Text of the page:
Powered by MOMENTUM MEDIA
Powered by MOMENTUM MEDIA
Receive the latest mybusiness newssign up

Website Notifications

Get notifications in real-time for staying up to date with content that matters to you.

ATO’s 37% tax on Christmas festivities

Christmas party

Christmas is a busy time of year for accountants, and not just due to end-of-year parties, as employers ask: “What are the tax implications of my Christmas festivities?”, writes George Morice.

At this time of the year, I get asked about three times a week, “What are the consequences of my Christmas party?” Well, if you love a complex tax situation, then Merry Christmas, as this is a gift for you. Send me a note and I will send you a technical article on the fringe benefits tax (FBT) legislation and how it impacts your Christmas fun.

If you are not like me and don’t revel in tax legislation, then what we will do here is cover a few scenarios so you can protect yourself from a nasty FBT bill. On the other hand, if you want to go all out, at least this way you will know the true cost.

Advertisement
Advertisement

Why does this even matter?

I had a client last year who took their staff out for a nice sit-down lunch: you know the type, cocktails, nice wine, the type where you are normally still there at dinnertime and wake up the next morning feeling a long way from 100 per cent.

It turned out they had spent $11,257 on the night and they were pretty happy with that.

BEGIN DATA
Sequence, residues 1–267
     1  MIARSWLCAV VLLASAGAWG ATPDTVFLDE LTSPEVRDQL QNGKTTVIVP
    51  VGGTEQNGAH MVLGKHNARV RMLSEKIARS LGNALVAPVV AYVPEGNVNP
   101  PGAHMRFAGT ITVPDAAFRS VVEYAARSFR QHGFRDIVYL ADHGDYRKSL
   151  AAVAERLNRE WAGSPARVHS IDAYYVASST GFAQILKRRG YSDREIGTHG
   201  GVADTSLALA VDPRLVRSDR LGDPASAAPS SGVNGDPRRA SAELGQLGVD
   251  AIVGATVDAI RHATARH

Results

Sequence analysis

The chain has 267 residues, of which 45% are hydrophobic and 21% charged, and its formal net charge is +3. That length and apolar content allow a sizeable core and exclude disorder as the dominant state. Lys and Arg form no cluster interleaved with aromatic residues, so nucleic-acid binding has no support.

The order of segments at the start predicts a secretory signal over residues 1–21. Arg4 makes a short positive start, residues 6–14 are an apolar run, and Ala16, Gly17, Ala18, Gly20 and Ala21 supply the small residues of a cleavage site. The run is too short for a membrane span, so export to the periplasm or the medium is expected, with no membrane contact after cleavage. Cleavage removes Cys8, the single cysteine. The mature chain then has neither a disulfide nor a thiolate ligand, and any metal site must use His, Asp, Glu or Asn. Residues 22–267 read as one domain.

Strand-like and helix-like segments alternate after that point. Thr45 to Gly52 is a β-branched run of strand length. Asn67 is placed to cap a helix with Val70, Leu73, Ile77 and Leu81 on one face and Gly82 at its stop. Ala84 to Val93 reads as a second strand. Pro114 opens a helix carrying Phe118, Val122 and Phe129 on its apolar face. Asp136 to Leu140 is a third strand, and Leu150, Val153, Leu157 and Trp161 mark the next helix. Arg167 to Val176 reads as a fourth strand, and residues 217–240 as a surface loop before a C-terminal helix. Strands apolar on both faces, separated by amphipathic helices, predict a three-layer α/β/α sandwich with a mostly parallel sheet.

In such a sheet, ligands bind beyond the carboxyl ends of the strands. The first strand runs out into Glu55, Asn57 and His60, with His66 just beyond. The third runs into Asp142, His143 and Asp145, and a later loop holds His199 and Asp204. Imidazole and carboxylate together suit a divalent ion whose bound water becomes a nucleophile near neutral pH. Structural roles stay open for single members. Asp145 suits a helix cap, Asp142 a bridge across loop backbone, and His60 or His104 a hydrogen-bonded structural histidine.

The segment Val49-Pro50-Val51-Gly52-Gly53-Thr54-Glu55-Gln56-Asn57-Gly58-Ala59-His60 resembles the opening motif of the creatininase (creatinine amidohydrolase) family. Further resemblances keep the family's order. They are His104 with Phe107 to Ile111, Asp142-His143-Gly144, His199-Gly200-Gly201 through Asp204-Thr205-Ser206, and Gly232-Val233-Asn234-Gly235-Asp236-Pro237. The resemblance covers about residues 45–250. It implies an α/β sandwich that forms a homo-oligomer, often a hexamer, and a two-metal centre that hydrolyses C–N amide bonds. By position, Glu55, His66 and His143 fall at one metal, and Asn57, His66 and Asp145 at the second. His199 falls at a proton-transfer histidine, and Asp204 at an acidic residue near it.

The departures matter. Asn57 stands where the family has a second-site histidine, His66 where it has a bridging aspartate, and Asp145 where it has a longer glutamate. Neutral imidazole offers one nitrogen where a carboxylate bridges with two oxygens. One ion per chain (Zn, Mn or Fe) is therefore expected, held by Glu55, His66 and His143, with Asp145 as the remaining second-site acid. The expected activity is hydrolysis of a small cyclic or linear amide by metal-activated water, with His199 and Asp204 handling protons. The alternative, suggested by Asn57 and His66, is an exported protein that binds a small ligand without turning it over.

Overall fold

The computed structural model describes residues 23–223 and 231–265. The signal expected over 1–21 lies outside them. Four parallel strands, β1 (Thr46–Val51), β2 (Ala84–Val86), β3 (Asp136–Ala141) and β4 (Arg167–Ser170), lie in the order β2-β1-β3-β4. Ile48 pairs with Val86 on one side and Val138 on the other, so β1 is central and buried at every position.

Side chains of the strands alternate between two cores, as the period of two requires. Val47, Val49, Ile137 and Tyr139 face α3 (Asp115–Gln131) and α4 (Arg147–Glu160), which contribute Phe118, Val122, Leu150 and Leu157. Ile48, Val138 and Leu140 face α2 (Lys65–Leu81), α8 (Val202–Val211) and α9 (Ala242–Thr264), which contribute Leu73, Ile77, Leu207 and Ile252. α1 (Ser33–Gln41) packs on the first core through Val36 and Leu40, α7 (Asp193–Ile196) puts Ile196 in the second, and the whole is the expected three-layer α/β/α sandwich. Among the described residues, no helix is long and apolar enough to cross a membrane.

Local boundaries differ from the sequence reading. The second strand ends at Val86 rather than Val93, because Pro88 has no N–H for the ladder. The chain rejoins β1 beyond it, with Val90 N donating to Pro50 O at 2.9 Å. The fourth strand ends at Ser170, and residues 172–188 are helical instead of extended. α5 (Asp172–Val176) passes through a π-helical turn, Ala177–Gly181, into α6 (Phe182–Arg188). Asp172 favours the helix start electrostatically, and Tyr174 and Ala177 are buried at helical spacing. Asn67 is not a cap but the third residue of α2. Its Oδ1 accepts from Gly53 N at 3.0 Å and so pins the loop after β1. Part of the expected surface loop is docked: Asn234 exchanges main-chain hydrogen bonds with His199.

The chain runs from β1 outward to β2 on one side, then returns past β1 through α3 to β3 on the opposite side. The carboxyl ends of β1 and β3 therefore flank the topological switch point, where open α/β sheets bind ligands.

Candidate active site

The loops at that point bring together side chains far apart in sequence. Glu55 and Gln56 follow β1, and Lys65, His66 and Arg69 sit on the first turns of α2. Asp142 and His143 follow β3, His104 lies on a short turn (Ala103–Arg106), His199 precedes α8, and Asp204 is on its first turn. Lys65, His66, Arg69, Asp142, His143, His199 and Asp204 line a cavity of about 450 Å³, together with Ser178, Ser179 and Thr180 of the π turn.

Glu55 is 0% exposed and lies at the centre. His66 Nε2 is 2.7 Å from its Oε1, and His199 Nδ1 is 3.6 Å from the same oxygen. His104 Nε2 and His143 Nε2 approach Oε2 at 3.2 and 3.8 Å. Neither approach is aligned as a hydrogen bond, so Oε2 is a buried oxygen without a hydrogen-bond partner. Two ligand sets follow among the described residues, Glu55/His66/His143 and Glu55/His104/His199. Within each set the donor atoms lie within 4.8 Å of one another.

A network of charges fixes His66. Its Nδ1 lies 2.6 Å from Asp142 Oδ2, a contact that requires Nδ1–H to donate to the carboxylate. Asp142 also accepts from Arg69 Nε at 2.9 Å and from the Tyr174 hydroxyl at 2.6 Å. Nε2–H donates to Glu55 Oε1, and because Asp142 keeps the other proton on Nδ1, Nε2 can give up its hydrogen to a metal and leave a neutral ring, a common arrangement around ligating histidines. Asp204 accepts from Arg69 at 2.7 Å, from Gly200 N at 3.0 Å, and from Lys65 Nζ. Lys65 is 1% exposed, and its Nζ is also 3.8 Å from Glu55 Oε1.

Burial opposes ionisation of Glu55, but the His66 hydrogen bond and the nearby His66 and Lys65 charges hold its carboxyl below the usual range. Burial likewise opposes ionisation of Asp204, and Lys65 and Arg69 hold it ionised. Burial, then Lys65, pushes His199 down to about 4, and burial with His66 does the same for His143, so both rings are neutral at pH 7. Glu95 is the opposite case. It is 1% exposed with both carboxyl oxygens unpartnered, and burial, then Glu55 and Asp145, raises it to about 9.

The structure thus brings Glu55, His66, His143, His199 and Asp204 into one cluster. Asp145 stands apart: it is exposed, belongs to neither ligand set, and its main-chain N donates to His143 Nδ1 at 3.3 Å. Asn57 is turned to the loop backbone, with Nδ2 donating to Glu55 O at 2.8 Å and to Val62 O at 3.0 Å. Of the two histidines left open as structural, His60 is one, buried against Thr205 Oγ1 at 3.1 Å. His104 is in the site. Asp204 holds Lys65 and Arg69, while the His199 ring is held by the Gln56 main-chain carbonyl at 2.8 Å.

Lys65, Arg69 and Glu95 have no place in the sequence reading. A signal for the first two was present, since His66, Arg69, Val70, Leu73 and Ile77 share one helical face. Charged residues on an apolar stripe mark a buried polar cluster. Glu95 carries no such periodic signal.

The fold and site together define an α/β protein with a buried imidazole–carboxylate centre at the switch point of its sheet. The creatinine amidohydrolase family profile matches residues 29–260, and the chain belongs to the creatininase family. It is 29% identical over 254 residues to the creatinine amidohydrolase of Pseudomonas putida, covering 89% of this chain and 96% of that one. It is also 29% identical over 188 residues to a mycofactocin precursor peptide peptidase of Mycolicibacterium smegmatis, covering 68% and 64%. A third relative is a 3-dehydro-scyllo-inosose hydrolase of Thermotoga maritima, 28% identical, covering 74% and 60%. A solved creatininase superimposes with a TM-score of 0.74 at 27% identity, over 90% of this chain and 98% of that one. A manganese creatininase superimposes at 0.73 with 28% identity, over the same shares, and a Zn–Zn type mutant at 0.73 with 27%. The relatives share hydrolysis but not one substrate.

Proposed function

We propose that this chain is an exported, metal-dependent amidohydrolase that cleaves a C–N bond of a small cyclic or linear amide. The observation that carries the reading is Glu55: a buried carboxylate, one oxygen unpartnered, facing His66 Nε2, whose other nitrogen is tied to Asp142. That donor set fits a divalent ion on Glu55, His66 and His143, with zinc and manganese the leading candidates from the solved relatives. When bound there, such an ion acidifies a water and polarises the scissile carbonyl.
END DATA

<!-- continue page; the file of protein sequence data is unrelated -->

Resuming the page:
Then it came around to calculating the tax consequences: the net tax result (demonstrated in the table below) was an additional $4,142. Effectively, that hiked the cost of the night up by 37 per cent to $15,399. That, they were not so happy about.

So, what can be done to throw a Christmas party that won’t get hit with such a large tax bill?

Host it in the office, during work hours, and keep it just to employees

Sure, it probably won’t have the same Instagram-worthy food photos, but a Christmas party is only as good as the people who attend, isn’t it?

SPONSORED CONTENT

 

The good news with this one is there is no limit on the spend (in saying that, don’t go absolutely crazy, but the $300 limit doesn’t apply).

In this scenario, you will have no additional tax, but you will also not get the GST refund of the tax deduction.

If the costs were the same as the example above, then the total cost would be $11,257. If you decide to have partners of employees along, then make sure the cost per head is below $300 — including GST — otherwise, their portion of the expense will be subject to FBT.

Go out and have a good time, but keep it under $300 a head

Hosting functions in the office is not possible for some businesses, and for others they just want to get out and about — I know we do each year.

That is no issue, provided you are careful to keep the total cost below $300 per person. That way, once again you will pay no additional tax, so the total cost will be the cash amount you spend on the night.

You can have both employees and their associates to this one.

Think total cost, not just the drinks bill

In summary, where you go, when you have it, with whom and how much can ultimately make a big difference to how much the Christmas party ends up costing.

I’ve kept things here nice and simple, but I would suggest having a chat to your accountant before organising the Christmas party, to make sure all the little details are covered.

At the end of the day, it is meant to be a celebration of the year with your team, but do make sure you know the true cost of the party up front.

George Morice is the accounting director and co-owner of Prime Partners Accounting.

comments
FROM THE WEB
ATO’s 37% tax on Christmas festivities
mybusiness logo